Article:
I love living in Florida — especially for the climate, outdoor offerings, and fresh seafood. I’ve especially enjoyed getting to know so many attractions that give up-close-and-personal animal experiences. From admiring furry, lovable creatures to understanding the issues and dangers facing Florida wildlife, here are some awesome animal encounters that animal lovers will go wild for, no pun intended.
Disclosure: I have been hosted by several of these places as a travel writer. All opinions are my own.
1. Safari Wilderness In Central Florida
In the heart of Central Florida is Safari Wilderness. I thought this was just like any other drive-through zoo until I had the pleasure of visiting. Tours are conducted in customized safari-style vehicles that roam around 260 acres of wilderness surrounded by Florida’s Green Swamp. You will see rare and exotic animal herds, including eland, Watusi cattle, zebra, axis deer, and sitatunga, often at arms distance.
Don’t worry about the sun; the vehicles have canopies. You can also tour Safari Wilderness via camel, kayak, and ATV, if that better suits your style.
My husband and I were giddy with excitement over hand-feeding the ring-tailed lemurs, giraffe, and camels. My favorite Safari Wilderness animals were the adorable water buffalo with so much personality that I didn’t even mind getting their saliva all over my hands and arms. A 90-minute safari experience runs $119 per person and is a memory to cherish. Safari Wilderness is a Florida agritourism project with licensing from the USDA.
Safari Wilderness is six miles north of I-4, between Orlando and Tampa. While in Lakeland, consider visiting the Polk Museum of Art at Florida Southern College, admiring the blooms and sculptures at Hollis Garden, or seeing the notable Frank Lloyd Wright buildings at the FSC campus. In addition, you may fancy a tasty salad, Eggs Benedict, or burger from Frescos Southern Kitchen and Bar in downtown.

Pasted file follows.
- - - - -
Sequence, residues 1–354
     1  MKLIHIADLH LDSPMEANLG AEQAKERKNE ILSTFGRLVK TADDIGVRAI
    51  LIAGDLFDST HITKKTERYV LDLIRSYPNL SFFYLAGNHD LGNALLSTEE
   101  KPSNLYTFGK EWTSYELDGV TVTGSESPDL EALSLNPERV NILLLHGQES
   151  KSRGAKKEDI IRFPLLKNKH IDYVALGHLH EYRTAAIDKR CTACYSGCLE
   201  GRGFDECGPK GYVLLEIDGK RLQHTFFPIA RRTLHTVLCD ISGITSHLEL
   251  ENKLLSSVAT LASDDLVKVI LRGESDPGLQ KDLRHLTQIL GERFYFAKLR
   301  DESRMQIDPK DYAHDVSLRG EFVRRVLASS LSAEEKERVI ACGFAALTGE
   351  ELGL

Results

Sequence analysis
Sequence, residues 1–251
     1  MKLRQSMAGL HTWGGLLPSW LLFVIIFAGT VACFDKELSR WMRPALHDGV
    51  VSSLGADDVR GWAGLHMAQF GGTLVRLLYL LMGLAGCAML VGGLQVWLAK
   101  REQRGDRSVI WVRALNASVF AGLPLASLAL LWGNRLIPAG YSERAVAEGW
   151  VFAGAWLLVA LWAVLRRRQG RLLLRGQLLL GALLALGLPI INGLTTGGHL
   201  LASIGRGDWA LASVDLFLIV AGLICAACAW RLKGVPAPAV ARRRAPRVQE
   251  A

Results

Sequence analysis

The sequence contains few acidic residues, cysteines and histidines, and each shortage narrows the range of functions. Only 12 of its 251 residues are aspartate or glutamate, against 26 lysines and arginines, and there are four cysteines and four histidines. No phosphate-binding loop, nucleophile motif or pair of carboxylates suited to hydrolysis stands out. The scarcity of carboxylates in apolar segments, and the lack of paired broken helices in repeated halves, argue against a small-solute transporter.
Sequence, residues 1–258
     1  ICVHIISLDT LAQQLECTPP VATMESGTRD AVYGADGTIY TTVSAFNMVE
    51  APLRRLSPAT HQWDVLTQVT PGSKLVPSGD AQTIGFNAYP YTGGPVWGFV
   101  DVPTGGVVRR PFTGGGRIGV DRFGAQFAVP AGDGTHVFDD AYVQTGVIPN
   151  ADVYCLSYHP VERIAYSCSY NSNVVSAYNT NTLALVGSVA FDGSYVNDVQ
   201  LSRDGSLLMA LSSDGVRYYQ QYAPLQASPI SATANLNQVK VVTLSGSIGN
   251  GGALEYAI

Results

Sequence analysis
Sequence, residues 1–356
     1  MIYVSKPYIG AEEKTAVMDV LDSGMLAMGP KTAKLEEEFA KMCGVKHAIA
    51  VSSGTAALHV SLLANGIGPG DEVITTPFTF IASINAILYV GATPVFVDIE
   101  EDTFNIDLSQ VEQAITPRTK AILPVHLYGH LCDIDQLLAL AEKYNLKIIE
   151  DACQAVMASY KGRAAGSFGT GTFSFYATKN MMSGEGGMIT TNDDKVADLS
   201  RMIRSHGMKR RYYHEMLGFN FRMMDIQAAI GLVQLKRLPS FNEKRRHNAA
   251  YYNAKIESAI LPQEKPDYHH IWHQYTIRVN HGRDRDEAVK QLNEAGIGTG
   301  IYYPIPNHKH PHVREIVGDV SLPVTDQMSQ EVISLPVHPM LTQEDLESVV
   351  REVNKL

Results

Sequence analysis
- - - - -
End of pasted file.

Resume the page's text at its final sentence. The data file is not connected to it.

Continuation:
Pro Tip: The ride is bumpy. Be prepared for jostling, and for all you ladies, wear a good bra. Also, stay hydrated.
2. Loggerhead Marine Life Center in Juno Beach
The Loggerhead Marine Life Center is my favorite turtle rescue site. It is currently undergoing a massive expansion, but the new, improved facility will be amazing. Here you will find tanks of injured sea turtles, mostly from boating accidents. The level of animal care is to be commended at these types of facilities.
Each turtle is named and has his story posted on the tanks so you can see the progress and rehabilitation. Once the sea turtles are well, if possible, they are re-released into the ocean, often with a send-off party from the locals. It is easy to fall in love with every one of them and shed a few tears hearing about the turtle’s injuries.
When your visit to Loggerhead Marine Life Center is complete, pop over to The Malted Barley for gourmet pretzels and cold craft beer. Pair your pretzel with the apricot butter — you’ll thank me later.
Fun Fact: If you’ve been to Providence, Rhode Island, you may recognize The Malted Barley. I first had it there and nearly turned off the highway on two wheels to get my salty fix when I saw it on US Highway 1.
3. Lion Country Safari In West Palm Beach
Lion Country Safari is a hidden gem, though you may see it on billboards around Florida. This drive-through attraction takes you through sections that house exotic animals in a natural habitat. There are 400 acres of the Gir Forest, Ruaha National Park, and Serengeti Plains (and other habitats), where you will find giraffes, lions, white rhino, chimpanzees, and gibbons. Not only is Lion Country Safari a zoo offering, but there is an Adventure Park with rides, animal habitats, shopping, a cafe, and snack shacks.
The tropical birds are my favorite part of Lion Country Safari’s Adventure Park, with budgies, kookaburra, macaws, flamingo, lorikeet, and hornbills. Lion Country Safari has sloths and llamas, two top-rated animal attractions at the moment.
Premium Experiences (up-close-and-personal features) include giraffe painting and a “birds and brushes” experience. Lion Country Safari was ranked in “10 Best Safari Parks” by USA Today in 2021.
Pro Tip: Lion Country Safari is actually in Loxahatchee, 20+ minutes west of West Palm Beach. Plan to spend two to three hours at this attraction.